so that, repenting and forgiving, we
came forth from life at peace with God, and He
instilled in us the longing to see Him.

Bonconte ends his life with the name of Mary on his lips. How poignant is the comparison with Bonconte’s father Guido, who devised a sure-proof plan to guarantee salvation, going so far as to become a Franciscan friar, only to find himself taken to hell by a devil at the end. Bonconte gives the opposite account: in the son’s case a devil came for his soul and was rebuffed by an angel. The devil is infuriated that “one little tear”—“una lagrimetta” (Purg. 5.107)—is enough to deprive him of Bonconte’s soul. But so it is.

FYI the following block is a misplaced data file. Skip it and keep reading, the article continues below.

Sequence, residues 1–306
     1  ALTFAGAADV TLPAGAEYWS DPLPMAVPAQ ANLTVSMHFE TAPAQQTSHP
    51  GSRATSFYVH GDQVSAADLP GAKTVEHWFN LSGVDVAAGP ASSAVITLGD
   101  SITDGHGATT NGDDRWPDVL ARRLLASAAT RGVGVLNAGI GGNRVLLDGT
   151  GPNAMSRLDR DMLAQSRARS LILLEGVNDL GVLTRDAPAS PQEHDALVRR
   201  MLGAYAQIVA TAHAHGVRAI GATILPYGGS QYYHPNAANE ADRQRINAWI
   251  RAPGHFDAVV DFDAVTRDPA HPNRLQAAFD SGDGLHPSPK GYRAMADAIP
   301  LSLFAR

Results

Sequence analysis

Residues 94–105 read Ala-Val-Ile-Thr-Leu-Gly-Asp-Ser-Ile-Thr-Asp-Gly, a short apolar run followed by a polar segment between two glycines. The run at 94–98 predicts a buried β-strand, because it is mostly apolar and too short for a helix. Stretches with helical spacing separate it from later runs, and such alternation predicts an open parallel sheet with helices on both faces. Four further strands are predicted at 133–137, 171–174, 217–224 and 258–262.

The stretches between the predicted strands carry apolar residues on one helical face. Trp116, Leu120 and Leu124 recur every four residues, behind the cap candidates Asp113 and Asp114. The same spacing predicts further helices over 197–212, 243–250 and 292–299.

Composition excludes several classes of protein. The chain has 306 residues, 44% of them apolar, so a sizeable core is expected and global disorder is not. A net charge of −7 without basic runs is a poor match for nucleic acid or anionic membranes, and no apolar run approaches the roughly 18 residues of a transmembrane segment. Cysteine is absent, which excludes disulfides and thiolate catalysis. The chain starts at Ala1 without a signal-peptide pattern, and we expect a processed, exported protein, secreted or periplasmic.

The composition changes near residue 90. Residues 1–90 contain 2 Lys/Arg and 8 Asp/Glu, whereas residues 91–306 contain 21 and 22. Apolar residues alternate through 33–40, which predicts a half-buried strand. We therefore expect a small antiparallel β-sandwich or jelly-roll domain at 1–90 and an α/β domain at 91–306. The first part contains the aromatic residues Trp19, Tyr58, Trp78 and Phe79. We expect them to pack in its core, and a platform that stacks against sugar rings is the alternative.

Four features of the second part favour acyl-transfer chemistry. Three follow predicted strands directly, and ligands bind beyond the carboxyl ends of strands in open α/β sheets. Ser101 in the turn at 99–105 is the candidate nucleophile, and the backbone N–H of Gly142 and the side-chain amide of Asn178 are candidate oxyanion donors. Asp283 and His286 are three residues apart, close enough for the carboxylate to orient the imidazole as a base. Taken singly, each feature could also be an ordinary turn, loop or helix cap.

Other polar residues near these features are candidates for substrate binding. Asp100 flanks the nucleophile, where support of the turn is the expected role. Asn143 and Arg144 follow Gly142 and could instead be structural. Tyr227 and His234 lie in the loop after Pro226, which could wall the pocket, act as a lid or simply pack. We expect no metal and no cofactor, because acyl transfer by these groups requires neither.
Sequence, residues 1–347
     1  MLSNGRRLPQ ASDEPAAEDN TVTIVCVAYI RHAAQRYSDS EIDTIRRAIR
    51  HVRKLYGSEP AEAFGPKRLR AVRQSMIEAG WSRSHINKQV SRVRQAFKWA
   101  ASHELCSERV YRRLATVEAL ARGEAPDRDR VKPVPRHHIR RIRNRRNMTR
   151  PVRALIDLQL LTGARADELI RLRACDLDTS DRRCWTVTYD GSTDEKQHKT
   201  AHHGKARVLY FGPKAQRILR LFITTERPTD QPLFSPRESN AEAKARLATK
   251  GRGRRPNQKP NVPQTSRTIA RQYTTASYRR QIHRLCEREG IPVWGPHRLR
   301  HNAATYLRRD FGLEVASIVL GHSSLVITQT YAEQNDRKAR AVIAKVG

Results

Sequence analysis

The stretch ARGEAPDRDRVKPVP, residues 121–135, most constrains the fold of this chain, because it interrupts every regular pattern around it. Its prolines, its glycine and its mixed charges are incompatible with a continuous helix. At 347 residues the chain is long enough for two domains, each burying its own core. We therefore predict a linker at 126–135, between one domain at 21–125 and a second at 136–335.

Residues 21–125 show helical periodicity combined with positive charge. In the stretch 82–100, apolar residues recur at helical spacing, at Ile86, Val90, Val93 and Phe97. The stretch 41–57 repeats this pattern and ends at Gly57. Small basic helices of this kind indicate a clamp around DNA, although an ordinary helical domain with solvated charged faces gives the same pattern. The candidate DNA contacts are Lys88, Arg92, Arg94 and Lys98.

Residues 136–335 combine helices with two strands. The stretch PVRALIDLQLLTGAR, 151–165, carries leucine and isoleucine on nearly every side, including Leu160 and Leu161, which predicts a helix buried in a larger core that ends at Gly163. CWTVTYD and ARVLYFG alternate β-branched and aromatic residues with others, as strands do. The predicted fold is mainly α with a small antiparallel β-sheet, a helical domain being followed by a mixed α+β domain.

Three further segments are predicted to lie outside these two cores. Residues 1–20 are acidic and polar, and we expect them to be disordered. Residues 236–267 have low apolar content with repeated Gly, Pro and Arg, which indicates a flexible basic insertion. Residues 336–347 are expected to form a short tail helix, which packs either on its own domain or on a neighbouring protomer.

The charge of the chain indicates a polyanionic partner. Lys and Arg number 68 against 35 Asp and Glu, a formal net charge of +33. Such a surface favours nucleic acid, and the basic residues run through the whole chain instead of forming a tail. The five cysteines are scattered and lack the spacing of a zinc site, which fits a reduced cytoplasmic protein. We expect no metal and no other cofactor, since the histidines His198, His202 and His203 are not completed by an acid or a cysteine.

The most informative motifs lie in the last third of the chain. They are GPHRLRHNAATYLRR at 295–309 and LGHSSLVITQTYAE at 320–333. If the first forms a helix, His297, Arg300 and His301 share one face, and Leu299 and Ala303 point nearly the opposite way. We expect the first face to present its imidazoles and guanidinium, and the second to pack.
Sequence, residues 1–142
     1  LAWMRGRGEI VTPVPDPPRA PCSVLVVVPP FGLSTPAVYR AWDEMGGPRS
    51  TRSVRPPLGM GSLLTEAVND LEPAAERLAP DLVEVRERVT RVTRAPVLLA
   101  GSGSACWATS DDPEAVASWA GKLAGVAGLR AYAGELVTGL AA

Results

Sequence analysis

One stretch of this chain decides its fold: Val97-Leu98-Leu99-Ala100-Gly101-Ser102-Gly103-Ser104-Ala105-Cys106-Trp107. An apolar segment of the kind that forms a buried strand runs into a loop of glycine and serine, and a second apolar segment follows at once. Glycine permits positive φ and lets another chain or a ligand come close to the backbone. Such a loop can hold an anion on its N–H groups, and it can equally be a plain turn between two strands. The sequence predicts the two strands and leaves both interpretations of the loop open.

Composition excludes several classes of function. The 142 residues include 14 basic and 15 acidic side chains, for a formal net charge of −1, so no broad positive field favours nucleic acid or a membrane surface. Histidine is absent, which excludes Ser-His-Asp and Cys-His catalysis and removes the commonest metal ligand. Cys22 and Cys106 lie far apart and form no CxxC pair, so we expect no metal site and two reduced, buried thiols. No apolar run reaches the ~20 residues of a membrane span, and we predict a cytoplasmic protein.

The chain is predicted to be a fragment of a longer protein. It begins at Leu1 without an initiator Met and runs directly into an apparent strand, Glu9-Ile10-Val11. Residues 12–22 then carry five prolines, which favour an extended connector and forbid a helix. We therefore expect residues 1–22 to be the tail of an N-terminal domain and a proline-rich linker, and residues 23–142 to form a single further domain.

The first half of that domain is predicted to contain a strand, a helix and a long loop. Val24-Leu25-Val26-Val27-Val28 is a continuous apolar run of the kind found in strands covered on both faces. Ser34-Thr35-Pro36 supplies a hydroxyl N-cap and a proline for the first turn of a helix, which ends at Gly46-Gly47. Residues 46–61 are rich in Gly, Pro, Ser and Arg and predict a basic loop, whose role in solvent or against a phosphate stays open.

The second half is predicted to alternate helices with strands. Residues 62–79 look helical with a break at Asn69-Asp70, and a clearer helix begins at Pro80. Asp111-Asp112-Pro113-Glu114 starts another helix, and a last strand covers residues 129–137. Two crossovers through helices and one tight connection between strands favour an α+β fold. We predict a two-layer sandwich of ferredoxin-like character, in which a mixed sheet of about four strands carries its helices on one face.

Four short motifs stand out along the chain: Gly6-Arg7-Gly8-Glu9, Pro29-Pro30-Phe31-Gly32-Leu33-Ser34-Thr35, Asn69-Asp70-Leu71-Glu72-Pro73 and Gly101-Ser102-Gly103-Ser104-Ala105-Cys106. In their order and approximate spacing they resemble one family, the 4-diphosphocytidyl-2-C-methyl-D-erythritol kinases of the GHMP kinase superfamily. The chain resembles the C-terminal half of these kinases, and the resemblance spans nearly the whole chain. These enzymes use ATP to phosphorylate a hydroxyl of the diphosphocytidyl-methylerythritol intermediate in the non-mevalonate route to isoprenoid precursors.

Recommended Citation

Barolini, Teodolinda. "Purgatorio 5 : True Flesh, True Blood." Commento Baroliniano, Digital Dante. Center for Digital Research and Scholarship. New York, NY: Columbia University Libraries, 2015.

Coordinated Reading